Horns_bullet_mediumHow will Bill Young choose to use his defense? Oklahoma State has not been a team that blitzes much this season, but opponents generally buck their season-long trends when playing against Texas. If Oklahoma State does choose to blitz, one thing that Young has always done well in his time as a defensive coordinator is study the hot routes opponents run against blitzes and take that away. Can the Longhorns still complete passes in the face of blitzes, then?

The other question mark is how Oklahoma State chooses to defend the Texas passing game. Generally, the Cowboys have played zone defense, with cornerback Perrish Cox often playing man-to-man against the best wide receiver for the other team. Will Cox line up against Jordan Shipley man-to-man, even in the slot, where teams generally prefer to give the receiver a cushion? If Oklahoma State plays zone, can players like Malcolm Williams and Marquise Goodwin, who don't have a lot of game reps with Colt McCoy, be on the same page with the Texas quarterback when they settle into holes in the zone? In the game against Texas Tech, McCoy and Williams weren't quite on the same page when McCoy slightly overthrew the ball and Williams had it go through his hands for crucial interception. Can Williams and Gooding, as well as Shipley at his new/old position, punish Oklahoma State if they sit back in soft coverage in a way that James Kirkendoll and John Chiles could not earlier in the season?

Last season, Oklahoma State worked hard to disguise their coverages wtih a lot of pre-snap movement -- McCoy is at his best when he knows where he's going with the football before the play even begins. Oklahoma had success with a similar strategy, but one of Young's hallmarks this season has been a return to fundamentals and an emphasis on making sure that defenders are aligned correctly, eschewing disguised coverages. If McCoy can read the coverages easily pre-snap and Oklahoma State sits back in soft coverage like Missouri, the Oklahoma State secondary could be in for a long evening, especially since the front four for the Cowboys has done a poor job this season of getting pressure on the quarterback.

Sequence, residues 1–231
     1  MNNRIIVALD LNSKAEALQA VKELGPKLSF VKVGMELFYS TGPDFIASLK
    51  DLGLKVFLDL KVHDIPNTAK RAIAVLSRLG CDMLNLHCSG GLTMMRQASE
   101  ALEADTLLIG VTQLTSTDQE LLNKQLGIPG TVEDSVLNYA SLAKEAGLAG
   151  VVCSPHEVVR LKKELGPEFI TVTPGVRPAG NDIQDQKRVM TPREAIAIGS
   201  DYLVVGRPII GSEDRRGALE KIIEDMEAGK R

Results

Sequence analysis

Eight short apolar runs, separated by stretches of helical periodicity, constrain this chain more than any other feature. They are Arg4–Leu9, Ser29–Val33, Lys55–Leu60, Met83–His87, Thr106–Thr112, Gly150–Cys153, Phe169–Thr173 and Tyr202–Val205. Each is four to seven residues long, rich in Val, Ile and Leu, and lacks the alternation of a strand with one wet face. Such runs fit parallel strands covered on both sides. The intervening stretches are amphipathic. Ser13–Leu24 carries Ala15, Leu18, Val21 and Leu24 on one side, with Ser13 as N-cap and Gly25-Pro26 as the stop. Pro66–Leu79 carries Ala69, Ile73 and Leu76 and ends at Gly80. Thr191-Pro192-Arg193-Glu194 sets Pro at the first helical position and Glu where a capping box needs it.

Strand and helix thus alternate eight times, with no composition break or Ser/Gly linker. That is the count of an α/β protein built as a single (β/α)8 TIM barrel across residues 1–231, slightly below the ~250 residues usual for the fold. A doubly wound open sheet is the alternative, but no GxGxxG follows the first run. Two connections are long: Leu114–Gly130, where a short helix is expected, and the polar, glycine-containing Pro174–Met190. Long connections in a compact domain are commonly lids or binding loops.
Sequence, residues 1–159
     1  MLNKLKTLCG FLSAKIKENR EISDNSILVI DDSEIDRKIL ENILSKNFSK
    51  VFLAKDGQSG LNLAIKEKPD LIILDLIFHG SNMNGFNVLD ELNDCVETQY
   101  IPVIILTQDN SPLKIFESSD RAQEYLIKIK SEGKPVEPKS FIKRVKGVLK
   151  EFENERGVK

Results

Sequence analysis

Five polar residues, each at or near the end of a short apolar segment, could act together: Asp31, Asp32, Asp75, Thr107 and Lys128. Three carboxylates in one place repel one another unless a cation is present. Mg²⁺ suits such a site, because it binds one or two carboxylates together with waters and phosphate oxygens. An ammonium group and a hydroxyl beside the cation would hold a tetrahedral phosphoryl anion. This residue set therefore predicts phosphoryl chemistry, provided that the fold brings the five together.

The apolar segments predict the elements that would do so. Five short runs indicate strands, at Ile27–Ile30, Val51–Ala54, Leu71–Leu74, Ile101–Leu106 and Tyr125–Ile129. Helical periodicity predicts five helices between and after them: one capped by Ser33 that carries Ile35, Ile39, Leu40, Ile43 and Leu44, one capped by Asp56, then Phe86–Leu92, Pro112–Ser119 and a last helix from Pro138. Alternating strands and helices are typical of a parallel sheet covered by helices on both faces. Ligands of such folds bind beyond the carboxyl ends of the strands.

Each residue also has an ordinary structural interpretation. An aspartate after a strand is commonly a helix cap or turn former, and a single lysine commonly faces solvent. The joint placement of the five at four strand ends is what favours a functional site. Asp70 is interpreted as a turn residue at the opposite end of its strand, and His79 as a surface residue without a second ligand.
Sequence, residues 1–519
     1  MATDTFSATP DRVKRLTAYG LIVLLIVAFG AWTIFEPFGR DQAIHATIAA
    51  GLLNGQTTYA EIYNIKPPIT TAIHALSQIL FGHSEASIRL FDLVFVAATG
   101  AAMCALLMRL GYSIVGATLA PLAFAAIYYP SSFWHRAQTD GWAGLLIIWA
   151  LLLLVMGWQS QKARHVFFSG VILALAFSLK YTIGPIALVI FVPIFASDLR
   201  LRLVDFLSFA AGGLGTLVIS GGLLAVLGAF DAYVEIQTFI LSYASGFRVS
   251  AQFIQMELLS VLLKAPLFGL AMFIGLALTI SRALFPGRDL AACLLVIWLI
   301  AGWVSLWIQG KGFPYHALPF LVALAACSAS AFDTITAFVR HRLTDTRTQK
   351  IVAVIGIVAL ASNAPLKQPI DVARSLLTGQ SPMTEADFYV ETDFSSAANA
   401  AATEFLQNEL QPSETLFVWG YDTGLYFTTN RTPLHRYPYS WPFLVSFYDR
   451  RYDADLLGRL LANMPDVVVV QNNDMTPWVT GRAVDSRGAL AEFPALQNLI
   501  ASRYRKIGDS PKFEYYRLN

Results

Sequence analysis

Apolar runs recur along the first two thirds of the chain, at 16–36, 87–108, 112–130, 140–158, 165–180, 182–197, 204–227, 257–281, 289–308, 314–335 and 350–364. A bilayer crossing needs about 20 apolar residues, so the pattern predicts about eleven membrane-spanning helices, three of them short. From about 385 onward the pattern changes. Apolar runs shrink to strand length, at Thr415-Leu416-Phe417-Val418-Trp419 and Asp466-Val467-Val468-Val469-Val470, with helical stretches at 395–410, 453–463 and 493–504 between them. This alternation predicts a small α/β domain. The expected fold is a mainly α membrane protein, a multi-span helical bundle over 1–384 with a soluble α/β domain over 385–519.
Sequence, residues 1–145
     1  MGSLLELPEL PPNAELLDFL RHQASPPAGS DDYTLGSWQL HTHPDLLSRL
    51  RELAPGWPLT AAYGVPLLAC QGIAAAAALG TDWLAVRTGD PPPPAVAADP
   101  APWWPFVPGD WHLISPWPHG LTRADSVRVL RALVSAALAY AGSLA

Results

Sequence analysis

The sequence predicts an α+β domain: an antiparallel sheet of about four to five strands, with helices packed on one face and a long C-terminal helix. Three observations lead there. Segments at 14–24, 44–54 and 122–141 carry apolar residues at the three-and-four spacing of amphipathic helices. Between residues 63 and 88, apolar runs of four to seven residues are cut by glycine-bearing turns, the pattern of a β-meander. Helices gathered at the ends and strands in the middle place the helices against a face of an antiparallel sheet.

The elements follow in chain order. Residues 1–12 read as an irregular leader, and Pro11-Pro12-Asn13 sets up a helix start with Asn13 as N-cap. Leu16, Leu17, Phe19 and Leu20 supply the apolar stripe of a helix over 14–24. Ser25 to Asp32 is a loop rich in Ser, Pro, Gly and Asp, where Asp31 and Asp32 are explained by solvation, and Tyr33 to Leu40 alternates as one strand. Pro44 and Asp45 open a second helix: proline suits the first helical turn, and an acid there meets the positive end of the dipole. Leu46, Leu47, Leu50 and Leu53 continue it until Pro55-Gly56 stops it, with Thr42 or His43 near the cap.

Horns_bullet_mediumCan Texas continue to run the ball effectively? Using Greg Smith more often in the offense has greatly helped the Texas running game over the last two weeks, but Oklahoma State has been one of the better teams in the country at defending the run, allowing opponents only 99 yards per game, good for 18th in the country. Granted, the only strong rushing team they have faced was Texas A&M, ranked 33rd in the country. However, taking out from their per-game average the contest against Oklahoma State, the Cowboys held the Aggies to 56 yards below their average against everyone else.

For the Longhorns, the running game has improved in rushing the ball successfully -- defined now as picking up four yards, gaining a first down, or scoring a touchdown -- 61% of the time against Oklahoma to 67% against Missouri. With the offensive line now healthy for the first time the end of fall practice, there may be fewer breakdowns by individual linemen and better misdirection and more running plays to choose from should help as well. Add to the fact that the Longhorns now have some continuity at the position with Fozzy Whittaker and Cody Johnson firmly entrenched as the one-two punch for the offense and Texas has a much better chance of running the ball well than they did earlier in the season.